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Parenting in your twenties: The good, the bad and the kind of awesome


Parenting in your twenties: The good, the bad and the kind of awesome…

Like most monumental things in life, becoming a parent is bittersweet. In fact, it’s a lot of things: exciting, daunting, terrifying and its own form of magic. My daughter Harper was born on a sticky night in July. Labor started at Comic Con 2010 and ended 36 hours later at exactly 9:45pm; with 7 pounds, 6 ounces, 19 ½ inches and screaming at full lung capacity.  I was 23 years old.

Becoming a parent in your twenties presents its own issues and opportunities. Let’s get the bad stuff out of the way first.

You will probably be the first of your friends to have a child and that fact is going to break your social circle down into two crowds. The first group is the people who disappear, walking slowly backwards, loudly lamenting the fact that your life is over. They will fall off the end of Christopher Columbus’s rumored edge until it comes time for a Facebook picture comment about how adorable your apparently offensive child is. The other set of friends will show up at your house with a bag of fast food dollar menu items at 10pm because you forgot to go grocery shopping. Ditch the first group, give your eternal praise to the second and relish in the fact that while you are sometimes lonely, you’ve just received 10 judge of character points. Level up!

As a twenty-something, you might not be as established as people who come into parenthood in their thirties or forties. You could still be in school or deciding what you want to make your life’s work. I found out I was pregnant two weeks after I got my grad school acceptance letter. I watched my two babies, my child and my thesis, grow up together. That was hard; not impossible, not stupid–just difficult.

And of course there is the almighty green.

Kids are expensive. Car seats, diapers, clothes, toys, preschool. Your savings account is probably still the runt of the litter; it hasn’t had a chance to hit that growth spurt that comes with end of the year bonuses and established career paths. That reality leads more nights hunching over the grocery store sale ads looking for ways to make your needs fit into your budget.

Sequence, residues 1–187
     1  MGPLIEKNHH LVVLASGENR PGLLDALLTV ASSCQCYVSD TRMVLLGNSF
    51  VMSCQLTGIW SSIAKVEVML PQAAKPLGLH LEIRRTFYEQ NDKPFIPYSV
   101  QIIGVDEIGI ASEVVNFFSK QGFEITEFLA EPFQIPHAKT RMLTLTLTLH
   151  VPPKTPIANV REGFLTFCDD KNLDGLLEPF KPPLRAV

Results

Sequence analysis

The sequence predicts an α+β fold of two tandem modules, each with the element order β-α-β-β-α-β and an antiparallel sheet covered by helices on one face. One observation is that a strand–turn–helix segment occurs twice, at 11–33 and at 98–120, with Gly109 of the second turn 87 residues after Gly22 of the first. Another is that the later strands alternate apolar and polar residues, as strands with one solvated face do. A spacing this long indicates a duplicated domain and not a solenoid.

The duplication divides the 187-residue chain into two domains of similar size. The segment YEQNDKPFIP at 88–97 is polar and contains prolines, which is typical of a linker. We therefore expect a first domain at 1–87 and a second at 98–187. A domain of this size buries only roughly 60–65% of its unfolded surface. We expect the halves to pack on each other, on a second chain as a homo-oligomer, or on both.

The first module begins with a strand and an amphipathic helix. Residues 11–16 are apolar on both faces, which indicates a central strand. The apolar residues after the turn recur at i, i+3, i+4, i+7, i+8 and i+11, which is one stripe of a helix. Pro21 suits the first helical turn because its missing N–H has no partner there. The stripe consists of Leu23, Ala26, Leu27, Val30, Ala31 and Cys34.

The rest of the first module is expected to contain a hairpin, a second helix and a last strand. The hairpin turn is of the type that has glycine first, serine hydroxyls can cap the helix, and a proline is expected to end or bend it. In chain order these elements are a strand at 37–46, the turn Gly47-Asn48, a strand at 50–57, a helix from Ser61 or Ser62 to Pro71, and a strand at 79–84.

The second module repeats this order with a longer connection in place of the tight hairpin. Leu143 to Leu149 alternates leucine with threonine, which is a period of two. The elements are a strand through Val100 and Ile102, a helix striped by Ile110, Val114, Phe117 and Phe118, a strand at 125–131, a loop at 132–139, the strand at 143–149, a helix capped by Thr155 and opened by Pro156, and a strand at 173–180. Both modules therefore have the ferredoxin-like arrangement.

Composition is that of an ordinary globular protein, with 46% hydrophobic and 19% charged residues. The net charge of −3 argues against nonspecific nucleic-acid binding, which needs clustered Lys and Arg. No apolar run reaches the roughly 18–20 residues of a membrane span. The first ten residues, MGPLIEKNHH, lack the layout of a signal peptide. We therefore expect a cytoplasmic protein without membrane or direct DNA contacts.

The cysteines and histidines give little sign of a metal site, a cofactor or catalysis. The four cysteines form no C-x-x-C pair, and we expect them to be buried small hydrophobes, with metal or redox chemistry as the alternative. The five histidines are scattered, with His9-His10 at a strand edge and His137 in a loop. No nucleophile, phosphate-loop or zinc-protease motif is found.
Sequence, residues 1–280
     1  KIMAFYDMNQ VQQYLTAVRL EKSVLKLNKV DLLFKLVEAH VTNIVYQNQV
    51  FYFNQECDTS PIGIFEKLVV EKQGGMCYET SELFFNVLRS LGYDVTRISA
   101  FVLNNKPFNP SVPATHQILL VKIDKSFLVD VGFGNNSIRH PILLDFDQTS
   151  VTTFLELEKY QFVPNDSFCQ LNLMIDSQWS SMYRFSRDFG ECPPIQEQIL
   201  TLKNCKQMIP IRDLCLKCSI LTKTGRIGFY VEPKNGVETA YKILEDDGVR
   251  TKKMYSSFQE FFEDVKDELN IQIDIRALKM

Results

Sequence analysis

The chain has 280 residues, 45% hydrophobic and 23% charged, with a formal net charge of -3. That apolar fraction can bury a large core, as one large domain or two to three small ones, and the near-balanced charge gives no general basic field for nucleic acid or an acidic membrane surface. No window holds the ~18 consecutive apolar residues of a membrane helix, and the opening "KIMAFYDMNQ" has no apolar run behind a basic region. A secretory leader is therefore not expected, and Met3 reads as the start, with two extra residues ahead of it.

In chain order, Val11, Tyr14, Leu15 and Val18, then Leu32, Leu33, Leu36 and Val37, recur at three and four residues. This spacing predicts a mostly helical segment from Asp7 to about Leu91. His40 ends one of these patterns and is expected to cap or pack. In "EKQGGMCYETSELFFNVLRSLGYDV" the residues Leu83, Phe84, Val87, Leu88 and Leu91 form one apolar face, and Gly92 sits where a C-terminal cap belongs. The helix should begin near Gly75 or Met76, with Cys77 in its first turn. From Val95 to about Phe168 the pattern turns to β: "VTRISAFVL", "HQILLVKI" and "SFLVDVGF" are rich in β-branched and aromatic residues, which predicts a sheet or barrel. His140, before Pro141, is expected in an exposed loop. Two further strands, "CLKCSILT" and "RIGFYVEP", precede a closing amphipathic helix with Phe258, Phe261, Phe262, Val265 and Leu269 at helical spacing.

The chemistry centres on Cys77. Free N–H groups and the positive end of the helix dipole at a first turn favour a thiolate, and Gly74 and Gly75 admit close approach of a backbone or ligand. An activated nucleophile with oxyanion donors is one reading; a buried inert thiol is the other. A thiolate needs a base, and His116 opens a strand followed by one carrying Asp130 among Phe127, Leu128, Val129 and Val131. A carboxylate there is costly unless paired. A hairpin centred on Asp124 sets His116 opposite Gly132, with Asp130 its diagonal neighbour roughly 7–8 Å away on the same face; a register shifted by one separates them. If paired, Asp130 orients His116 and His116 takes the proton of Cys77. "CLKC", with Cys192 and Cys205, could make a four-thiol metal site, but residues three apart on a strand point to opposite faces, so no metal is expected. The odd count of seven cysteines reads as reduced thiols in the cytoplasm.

Now onto the good stuff.

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Physically, parenting is easier for someone in their twenties than for older parents. For the moms who are having biological children, your body will be quicker to return to a relative normal and you’ll be able to bounce back from late nights and early mornings.  I ended up having an emergency C-section, but my healing was quick and without incident. I was fresh out of college and into grad school when my daughter was born. I was used to not sleeping and she ended up keeping me company on some of those all-nighters. And now that she is almost three, I can keep up with her and her boundless energy most days.

Having kids at a younger age means they are statistically more likely to have more time with their grandparents. One of the greatest gifts I’ve given to my daughter is real quality time with her grandparents. My parents are just barely 50, my husband’s a bit older and if fate is on our side, there is a good chance they will be around to see my mini graduate from college, get married and have kids of her own (if that’s what she wants to do, of course). It also means they are young enough to both enjoy and keep up with her, which translates into a free weekend alone with my husband every couple of months.

And the kind of awesome, well that part is easy.

That kid, the one that is in your life because the stars aligned in very specific way. The chromosomes clicked together into a bright, blue-eyed, blonde DNA strand and from that little person springs an enchanted kind of inspiration. You’re less likely to spend your twenties watching Project Runway marathons and sleeping until 2pm. Unlike those fabulous, decadent, spontaneous, jet-setting lifestyles young parents fantasize about after a day sprinkled with timeouts and spills and snot, many older parents feel like they spent their twenties frivolously.  Having a daughter who looks to me as an example of a full and fulfilled life has motivated me to make sure I am doing just that. Since she was born, I’ve gotten my Master’s degree, opened my own photography studio and have started writing a novel. Harper has gone on over a dozen flights and her passport has been stamped four times. She can write the first four letters of her name and count to 50 with a little help.

I’m not wasting a second. 

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